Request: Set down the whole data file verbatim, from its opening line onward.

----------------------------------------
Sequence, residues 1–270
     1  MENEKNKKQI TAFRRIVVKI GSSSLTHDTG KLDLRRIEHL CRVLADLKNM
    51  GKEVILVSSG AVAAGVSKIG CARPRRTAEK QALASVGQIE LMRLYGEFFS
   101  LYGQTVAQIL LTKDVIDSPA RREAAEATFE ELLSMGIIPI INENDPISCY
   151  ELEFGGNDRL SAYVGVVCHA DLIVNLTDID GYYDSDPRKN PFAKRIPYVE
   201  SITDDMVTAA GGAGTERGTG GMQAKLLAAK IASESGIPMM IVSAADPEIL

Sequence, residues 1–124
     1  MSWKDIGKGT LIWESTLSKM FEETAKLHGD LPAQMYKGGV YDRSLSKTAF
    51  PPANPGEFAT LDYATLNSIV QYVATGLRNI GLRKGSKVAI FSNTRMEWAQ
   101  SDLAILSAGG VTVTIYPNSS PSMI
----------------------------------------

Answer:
Sequence, residues 1–270
     1  MENEKNKKQI TAFRRIVVKI GSSSLTHDTG KLDLRRIEHL CRVLADLKNM
    51  GKEVILVSSG AVAAGVSKIG CARPRRTAEK QALASVGQIE LMRLYGEFFS
   101  LYGQTVAQIL LTKDVIDSPA RREAAEATFE ELLSMGIIPI INENDPISCY
   151  ELEFGGNDRL SAYVGVVCHA DLIVNLTDID GYYDSDPRKN PFAKRIPYVE
   201  SITDDMVTAA GGAGTERGTG GMQAKLLAAK IASESGIPMM IVSAADPEIL

Sequence, residues 1–124
     1  MSWKDIGKGT LIWESTLSKM FEETAKLHGD LPAQMYKGGV YDRSLSKTAF
    51  PPANPGEFAT LDYATLNSIV QYVATGLRNI GLRKGSKVAI FSNTRMEWAQ
   101  SDLAILSAGG VTVTIYPNSS PSMI